"I don't know how serious it is," Coffman said. "We're leaving everything wide open at this point, but there hasn't been a burglary here in months."
Without concrete information available, the public has been left to speculate on what happened to Fitzhugh in her home on Friday. A traveling music teacher for the Palo Alto Unified School District, Fitzhugh apparently went home Friday between two of her classes. When she failed to show up for her afternoon class at Addison Elementary School, district officials apparently became concerned and called her husband.
Kenneth Fitzhugh and two friends from the school district went to the Escobita Avenue home and found Fitzhugh at the bottom of the stairs. Fitzhugh's husband called the police at 1:40 p.m., but neither the police nor fire paramedics were able to revive her.
On Friday, the Police Department said the home showed no signs of foul play and were treating the incident as an accident. That strategy changed after the coroner examined Fitzhugh's body. The police on Saturday released a new statement, saying Fitzhugh's pattern of injuries and "other circumstances" did not fit an accident.
About 20 members of the Police Department are working on the case, Coffman said, and have been interviewing people who knew Fitzhugh--family members, friends, neighbors and associates. Detectives had also planned to retrace Fitzhugh's steps, to find out who else she might have been in contact with during her last week.
Police were scheduled to hold a meeting for Southgate residents on Tuesday to update them on the case. Several residents in the neighborhood appeared concerned about what had happened but seemed determined not to be overtaken with fear.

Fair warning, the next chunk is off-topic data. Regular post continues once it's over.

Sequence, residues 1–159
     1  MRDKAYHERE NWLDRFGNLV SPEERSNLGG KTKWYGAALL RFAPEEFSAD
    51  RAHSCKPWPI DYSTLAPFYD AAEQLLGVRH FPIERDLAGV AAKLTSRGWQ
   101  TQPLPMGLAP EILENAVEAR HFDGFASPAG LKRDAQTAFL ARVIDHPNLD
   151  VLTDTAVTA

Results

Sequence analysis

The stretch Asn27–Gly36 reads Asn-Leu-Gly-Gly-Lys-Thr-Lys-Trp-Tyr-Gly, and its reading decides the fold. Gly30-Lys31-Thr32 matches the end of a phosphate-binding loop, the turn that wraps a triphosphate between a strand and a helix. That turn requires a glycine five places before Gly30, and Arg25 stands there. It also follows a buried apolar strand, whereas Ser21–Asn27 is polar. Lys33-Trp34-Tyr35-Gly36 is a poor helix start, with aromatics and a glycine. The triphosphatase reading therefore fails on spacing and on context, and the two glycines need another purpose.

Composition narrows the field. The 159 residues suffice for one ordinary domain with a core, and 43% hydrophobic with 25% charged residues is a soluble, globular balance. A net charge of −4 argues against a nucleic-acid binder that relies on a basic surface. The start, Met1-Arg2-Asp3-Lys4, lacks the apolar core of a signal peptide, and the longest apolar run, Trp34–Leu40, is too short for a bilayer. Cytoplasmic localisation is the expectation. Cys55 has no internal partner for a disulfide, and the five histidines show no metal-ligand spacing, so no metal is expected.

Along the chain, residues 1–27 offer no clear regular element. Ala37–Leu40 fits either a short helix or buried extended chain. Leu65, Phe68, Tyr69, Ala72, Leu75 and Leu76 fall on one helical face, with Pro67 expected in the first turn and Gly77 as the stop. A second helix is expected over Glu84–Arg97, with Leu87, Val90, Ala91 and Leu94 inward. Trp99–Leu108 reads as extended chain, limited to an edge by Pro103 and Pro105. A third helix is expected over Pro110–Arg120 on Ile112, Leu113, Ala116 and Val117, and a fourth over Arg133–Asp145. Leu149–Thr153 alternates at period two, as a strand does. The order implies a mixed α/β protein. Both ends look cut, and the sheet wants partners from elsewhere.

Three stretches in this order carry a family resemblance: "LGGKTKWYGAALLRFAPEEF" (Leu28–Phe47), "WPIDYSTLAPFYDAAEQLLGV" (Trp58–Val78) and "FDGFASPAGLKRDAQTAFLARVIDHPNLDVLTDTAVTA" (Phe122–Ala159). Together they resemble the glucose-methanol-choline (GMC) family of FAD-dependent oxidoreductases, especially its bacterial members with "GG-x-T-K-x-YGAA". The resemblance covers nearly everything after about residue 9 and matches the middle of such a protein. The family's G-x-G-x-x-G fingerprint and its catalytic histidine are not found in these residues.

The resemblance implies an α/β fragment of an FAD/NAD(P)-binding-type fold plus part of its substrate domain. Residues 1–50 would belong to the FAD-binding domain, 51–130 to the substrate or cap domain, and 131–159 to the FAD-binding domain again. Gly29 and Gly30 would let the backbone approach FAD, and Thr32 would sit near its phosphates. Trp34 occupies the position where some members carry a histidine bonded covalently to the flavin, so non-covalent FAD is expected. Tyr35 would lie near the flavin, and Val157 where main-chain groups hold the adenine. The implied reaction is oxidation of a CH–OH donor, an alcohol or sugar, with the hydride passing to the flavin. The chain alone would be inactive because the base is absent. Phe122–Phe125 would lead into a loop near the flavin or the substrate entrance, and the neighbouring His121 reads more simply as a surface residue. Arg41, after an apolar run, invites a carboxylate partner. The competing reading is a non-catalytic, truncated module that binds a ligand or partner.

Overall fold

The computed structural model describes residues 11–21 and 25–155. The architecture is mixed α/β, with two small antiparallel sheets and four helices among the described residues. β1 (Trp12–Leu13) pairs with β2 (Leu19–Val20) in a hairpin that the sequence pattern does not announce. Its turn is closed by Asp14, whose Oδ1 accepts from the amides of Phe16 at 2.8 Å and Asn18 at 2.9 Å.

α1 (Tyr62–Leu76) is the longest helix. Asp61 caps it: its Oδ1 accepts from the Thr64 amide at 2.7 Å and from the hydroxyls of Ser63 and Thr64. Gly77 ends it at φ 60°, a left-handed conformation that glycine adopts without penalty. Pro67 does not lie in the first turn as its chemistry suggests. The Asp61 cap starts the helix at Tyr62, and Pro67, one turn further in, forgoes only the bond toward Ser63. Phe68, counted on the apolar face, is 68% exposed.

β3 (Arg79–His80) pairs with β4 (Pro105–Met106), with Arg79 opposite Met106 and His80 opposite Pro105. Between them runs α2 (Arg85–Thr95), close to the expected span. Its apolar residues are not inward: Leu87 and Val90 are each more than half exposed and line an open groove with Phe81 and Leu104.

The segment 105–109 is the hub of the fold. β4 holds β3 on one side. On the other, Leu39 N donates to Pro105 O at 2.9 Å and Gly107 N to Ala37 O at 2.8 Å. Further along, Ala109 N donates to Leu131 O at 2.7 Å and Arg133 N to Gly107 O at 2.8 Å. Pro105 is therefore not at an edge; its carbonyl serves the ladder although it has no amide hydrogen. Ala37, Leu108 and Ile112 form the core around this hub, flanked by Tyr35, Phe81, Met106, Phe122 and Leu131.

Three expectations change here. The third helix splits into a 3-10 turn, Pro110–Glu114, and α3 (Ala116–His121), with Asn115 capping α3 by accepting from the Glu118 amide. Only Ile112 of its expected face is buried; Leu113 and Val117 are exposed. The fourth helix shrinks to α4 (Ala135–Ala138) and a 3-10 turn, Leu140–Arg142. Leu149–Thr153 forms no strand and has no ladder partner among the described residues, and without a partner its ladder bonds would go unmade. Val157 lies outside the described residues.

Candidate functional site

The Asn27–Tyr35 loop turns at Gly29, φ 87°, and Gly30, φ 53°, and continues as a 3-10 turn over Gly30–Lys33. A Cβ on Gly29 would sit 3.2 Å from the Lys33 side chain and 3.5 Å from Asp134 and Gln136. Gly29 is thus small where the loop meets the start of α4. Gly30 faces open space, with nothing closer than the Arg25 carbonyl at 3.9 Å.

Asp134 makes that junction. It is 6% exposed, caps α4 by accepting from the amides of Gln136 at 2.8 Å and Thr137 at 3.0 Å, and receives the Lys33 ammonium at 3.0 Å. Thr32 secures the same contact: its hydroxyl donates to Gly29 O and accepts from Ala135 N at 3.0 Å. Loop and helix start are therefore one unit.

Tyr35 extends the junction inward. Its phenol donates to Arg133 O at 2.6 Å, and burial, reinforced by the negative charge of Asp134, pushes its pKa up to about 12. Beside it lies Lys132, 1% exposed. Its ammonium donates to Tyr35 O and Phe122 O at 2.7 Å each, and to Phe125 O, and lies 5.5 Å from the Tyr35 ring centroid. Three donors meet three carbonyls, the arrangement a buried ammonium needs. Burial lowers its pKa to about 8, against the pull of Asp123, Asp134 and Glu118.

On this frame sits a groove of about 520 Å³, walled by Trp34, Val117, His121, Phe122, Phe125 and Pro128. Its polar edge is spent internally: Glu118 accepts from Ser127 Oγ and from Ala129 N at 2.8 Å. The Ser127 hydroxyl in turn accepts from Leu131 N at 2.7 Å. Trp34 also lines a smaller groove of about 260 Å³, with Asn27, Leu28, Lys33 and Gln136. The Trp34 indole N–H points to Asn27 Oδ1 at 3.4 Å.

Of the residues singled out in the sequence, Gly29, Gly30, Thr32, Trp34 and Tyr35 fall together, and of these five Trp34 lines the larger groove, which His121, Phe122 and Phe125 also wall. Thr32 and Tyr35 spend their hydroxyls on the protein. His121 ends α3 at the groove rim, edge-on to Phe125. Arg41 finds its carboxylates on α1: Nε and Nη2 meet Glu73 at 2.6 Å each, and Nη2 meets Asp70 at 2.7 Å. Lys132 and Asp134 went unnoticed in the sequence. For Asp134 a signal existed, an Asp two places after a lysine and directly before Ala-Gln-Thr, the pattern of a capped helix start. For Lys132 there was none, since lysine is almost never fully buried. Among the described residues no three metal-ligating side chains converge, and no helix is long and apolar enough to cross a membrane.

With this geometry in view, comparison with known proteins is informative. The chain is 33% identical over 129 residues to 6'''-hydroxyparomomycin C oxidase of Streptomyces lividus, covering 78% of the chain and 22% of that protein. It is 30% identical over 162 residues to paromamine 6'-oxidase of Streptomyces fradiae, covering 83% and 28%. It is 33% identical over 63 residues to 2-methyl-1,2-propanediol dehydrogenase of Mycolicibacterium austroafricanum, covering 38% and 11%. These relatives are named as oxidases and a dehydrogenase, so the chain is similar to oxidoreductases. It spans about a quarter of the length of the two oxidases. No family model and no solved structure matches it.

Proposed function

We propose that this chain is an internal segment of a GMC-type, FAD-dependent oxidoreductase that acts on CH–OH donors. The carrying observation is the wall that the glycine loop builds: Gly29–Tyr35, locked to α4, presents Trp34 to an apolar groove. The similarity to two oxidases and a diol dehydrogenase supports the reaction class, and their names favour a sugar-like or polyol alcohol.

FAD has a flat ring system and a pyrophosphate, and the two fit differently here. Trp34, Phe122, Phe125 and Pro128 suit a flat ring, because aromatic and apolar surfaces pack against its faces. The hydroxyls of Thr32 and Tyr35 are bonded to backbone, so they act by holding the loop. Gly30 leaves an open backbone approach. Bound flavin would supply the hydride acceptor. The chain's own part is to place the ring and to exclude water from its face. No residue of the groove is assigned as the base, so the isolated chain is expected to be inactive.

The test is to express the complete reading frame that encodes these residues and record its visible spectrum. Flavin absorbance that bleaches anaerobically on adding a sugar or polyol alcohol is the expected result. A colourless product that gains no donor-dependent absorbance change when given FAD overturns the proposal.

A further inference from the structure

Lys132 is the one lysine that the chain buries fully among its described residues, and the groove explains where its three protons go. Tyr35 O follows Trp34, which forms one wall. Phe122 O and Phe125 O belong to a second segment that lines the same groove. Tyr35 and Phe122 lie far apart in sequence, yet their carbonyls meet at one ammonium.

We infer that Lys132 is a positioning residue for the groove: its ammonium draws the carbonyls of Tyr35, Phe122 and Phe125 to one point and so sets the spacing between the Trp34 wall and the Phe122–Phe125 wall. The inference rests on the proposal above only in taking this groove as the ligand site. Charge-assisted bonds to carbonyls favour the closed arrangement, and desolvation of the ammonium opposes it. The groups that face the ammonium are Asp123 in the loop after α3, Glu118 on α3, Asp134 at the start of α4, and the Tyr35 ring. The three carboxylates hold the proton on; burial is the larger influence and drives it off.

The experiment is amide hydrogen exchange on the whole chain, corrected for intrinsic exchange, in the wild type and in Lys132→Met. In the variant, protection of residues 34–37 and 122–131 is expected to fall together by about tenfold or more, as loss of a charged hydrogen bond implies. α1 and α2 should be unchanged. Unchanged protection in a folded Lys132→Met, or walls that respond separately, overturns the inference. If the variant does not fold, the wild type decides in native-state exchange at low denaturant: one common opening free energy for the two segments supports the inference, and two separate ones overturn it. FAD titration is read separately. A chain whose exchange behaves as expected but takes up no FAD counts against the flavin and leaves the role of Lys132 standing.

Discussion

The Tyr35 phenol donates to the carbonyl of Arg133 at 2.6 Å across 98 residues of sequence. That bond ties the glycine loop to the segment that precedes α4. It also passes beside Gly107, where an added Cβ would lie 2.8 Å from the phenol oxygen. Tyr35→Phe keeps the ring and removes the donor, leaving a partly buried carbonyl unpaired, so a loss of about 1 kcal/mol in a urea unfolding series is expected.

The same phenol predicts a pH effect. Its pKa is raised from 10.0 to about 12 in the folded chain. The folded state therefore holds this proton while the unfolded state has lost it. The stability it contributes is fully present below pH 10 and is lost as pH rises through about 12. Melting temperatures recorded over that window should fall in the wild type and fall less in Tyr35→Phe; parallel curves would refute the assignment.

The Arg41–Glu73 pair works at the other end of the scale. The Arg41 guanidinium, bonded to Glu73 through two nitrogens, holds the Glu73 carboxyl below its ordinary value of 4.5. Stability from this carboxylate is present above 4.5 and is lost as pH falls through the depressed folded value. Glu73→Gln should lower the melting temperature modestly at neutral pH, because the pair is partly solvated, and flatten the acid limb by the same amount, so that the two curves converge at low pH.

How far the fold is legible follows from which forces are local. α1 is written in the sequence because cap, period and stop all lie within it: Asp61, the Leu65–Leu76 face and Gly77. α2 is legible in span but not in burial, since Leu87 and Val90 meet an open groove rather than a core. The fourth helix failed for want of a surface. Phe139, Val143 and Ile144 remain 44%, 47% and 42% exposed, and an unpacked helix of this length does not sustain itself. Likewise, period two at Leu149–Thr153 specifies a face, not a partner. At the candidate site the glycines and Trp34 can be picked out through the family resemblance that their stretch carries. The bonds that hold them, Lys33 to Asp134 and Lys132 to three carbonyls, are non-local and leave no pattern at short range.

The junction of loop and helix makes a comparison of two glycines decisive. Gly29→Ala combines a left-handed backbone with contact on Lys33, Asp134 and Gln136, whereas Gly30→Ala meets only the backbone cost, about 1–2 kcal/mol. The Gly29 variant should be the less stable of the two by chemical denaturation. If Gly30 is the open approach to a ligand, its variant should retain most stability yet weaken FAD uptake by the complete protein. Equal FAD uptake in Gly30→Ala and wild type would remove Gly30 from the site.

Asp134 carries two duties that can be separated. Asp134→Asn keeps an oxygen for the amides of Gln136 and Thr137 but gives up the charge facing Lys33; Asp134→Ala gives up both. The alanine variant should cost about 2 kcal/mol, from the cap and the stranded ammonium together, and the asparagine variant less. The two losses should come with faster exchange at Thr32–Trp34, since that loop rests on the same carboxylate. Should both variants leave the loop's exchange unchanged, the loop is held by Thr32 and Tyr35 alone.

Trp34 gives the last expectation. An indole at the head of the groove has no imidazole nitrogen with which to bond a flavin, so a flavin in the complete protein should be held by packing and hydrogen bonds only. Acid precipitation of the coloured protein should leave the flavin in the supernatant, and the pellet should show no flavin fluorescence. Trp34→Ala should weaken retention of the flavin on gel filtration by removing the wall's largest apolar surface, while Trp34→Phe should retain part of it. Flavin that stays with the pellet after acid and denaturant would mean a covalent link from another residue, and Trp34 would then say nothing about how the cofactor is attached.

"No, I'm not worried about walking around," said Jim Selvidge, who has lived on Castilleja Avenue for the past 30 years.
A neighbor of the Fitzhughs said he was shaken by what happened to Fitzhugh, but was not necessarily more concerned for his own safety. "It's been an ongoing concern," said the resident, who asked not to be identified. "I don't know if it's worse now."
Jim McFall, whose family lives across the street from the Fitzhughs, said Fitzhugh's death is a great loss. "She really cared about the community." McFall and his wife met Kristine years ago when she taught a Gymboree class for their son.
"She was always very friendly, stopped to chat," McFall said. He could often hear the family playing their grand piano, which was in the front of their home, or would see them taking off for ski trips.
Palo Alto schools will make guidance counselors and psychologists available for students who need help dealing with Fitzhugh's death. Schools may be sending a letter to some households, advising students on how to help their children cope with grief.
The last homicide in Palo Alto occurred in September 1998, when a man killed his wife and 12-year-old son before committing suicide. Those murders took place on Ferne Avenue in south Palo Alto.